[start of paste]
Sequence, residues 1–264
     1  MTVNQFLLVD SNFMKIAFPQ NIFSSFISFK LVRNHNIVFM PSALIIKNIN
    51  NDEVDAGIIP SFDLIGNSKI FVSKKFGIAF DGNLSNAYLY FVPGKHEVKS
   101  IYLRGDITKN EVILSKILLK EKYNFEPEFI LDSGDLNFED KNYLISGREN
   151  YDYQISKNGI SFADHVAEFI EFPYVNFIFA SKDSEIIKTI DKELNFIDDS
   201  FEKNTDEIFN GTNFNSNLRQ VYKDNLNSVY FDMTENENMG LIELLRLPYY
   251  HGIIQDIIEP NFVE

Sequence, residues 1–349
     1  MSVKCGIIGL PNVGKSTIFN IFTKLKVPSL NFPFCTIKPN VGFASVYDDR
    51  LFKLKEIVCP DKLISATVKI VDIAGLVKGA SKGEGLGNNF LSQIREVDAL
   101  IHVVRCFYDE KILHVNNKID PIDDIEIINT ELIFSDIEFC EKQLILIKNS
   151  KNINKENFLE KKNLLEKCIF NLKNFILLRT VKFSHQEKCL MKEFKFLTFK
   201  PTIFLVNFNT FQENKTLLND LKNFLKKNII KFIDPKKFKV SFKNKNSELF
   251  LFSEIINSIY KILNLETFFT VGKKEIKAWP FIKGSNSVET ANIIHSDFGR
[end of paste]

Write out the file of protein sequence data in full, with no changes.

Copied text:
Sequence, residues 1–264
     1  MTVNQFLLVD SNFMKIAFPQ NIFSSFISFK LVRNHNIVFM PSALIIKNIN
    51  NDEVDAGIIP SFDLIGNSKI FVSKKFGIAF DGNLSNAYLY FVPGKHEVKS
   101  IYLRGDITKN EVILSKILLK EKYNFEPEFI LDSGDLNFED KNYLISGREN
   151  YDYQISKNGI SFADHVAEFI EFPYVNFIFA SKDSEIIKTI DKELNFIDDS
   201  FEKNTDEIFN GTNFNSNLRQ VYKDNLNSVY FDMTENENMG LIELLRLPYY
   251  HGIIQDIIEP NFVE

Sequence, residues 1–349
     1  MSVKCGIIGL PNVGKSTIFN IFTKLKVPSL NFPFCTIKPN VGFASVYDDR
    51  LFKLKEIVCP DKLISATVKI VDIAGLVKGA SKGEGLGNNF LSQIREVDAL
   101  IHVVRCFYDE KILHVNNKID PIDDIEIINT ELIFSDIEFC EKQLILIKNS
   151  KNINKENFLE KKNLLEKCIF NLKNFILLRT VKFSHQEKCL MKEFKFLTFK
   201  PTIFLVNFNT FQENKTLLND LKNFLKKNII KFIDPKKFKV SFKNKNSELF
   251  LFSEIINSIY KILNLETFFT VGKKEIKAWP FIKGSNSVET ANIIHSDFGR